Thinking Cap #2 - The Question: "Spirit" or "Ghost"?

I've been reading 1 Cor. 2 recently and came upon an interesting observation in verses 11 through 13. I noticed the usage in the word "Spirit" and also the word "Ghost." Are they not interchangeable? Is not the former just a better term to use rather than the archaic later term? Time to put your thinking cap on again and let know what you believe. Let's get that gray matter working. Don't just sit back and ponder your navel. The deadline for submissions is 1/12/95.

I received input from Dan, John, Scott and Alan (2 con, 1 for and 1 open). This is a very interesting question with some other ramifications. All one needs to understand the Scripture is the Holy Spirit/Ghost. There are times when a good dictionary is also useful (this is one of the elements we teach in our Church Discipleship Ministry).

Here is an answer that I would have you consider.

  • Consider a parallel line of thought. I go by several names: Pastor, Dr.,Dad, Doc, Kent, Honey, etc. Which one is used depends upon who is talking to me and the role that I am playing. I continue to be the same person, but I also operate differently depending upon which role I am playing. Wouldn't life be dreary if I had but one "name" and everyone used that same name. The intimacy would gone as well as a title distinguishing the role in which I was operating.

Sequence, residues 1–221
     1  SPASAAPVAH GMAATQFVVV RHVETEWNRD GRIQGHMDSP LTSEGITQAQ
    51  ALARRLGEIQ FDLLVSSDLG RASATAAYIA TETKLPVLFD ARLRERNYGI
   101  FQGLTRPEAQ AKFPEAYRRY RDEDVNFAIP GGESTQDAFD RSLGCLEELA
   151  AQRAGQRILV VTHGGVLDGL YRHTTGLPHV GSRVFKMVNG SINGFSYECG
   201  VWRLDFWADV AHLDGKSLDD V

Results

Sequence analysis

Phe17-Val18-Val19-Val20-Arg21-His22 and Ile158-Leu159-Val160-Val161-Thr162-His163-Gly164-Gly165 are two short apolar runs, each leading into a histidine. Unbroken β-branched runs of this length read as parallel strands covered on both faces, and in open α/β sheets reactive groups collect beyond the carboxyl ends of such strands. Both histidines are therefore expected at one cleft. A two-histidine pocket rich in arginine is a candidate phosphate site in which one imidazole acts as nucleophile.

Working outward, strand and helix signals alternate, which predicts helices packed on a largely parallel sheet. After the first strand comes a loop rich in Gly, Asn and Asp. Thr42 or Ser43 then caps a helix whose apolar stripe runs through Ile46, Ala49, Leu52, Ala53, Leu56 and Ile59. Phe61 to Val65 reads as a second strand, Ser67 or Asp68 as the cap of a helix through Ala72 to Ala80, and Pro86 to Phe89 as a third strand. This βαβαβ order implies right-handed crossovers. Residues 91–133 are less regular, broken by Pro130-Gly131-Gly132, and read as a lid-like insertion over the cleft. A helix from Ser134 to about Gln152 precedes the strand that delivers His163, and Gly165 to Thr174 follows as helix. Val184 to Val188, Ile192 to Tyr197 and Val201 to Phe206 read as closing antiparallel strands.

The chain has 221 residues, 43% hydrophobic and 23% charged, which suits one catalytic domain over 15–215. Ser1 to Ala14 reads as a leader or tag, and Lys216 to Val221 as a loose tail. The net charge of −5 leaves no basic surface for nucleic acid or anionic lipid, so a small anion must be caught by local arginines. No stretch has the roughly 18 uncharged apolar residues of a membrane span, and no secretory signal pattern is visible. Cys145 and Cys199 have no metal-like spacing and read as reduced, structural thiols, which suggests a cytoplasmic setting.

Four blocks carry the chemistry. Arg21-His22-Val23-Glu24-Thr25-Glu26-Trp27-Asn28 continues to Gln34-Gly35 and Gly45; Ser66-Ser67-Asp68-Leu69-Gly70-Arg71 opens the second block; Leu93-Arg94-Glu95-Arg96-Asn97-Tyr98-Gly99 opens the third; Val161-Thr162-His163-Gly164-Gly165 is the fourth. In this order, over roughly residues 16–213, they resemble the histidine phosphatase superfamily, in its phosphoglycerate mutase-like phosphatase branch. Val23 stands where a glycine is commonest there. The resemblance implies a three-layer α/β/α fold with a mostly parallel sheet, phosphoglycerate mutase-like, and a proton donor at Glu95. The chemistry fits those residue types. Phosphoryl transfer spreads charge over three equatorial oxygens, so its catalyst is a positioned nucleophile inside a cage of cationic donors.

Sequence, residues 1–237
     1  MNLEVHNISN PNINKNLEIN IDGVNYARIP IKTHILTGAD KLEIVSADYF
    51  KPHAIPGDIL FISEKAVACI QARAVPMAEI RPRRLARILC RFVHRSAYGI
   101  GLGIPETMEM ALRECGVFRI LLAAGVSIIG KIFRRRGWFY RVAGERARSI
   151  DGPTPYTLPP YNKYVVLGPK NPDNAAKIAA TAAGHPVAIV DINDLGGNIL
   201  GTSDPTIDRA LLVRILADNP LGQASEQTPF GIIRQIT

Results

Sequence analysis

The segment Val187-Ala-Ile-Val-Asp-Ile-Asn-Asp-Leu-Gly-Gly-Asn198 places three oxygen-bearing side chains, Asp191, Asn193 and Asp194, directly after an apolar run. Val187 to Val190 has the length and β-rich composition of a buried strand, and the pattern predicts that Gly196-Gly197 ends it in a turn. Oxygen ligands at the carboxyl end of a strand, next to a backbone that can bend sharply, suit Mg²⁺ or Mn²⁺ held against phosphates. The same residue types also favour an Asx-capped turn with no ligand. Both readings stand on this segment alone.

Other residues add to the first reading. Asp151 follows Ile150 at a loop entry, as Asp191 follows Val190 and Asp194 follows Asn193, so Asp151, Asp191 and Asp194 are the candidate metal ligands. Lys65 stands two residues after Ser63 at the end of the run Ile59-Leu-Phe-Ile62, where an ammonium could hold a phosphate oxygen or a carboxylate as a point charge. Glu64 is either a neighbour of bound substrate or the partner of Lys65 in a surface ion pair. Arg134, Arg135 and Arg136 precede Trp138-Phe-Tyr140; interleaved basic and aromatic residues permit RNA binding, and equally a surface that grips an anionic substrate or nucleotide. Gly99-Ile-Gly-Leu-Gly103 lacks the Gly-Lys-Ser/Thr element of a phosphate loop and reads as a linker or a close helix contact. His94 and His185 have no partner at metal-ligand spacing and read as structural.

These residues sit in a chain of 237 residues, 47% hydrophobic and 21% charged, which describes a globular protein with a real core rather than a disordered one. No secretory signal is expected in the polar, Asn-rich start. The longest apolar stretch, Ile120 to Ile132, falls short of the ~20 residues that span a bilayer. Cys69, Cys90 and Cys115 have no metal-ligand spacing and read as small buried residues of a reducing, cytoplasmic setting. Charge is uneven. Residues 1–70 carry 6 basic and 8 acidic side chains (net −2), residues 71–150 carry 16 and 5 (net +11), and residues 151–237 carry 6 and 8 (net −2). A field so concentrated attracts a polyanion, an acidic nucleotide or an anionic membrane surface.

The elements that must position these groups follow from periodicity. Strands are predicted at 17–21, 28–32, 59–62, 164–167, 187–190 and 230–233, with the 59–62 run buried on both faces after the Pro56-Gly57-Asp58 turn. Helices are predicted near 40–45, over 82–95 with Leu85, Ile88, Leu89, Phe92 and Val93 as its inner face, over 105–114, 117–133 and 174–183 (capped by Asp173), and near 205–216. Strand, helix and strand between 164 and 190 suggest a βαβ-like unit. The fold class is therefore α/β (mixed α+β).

• Consider another example from Scripture. The dictionary tells me that "charity" is an active love; it is benevolent goodwill, generosity and helpfulness. On the other hand, "love" is broad enough to encompass the emotions, irrespective of action. It affection, attraction and attachment. With that in mind, read 1 Cor.8:1,3. Verse 1 uses "charity" in that it is describing an action. In verse 3, we find the word "love" because it is discussing a relationship with God. Now both word translate from the same Greek word *agape*. It would be best that you check this out in the KJV, as most other modern translations just use the word "love" in both verses and the NIV has the word in verse 2 rather than verse 1. So, is this an error on the part of the translators? Similar to the concept expressed in point 1, is it not reasonable to say that they were drawing from the richness of the English language to convey the meaning of the word in context?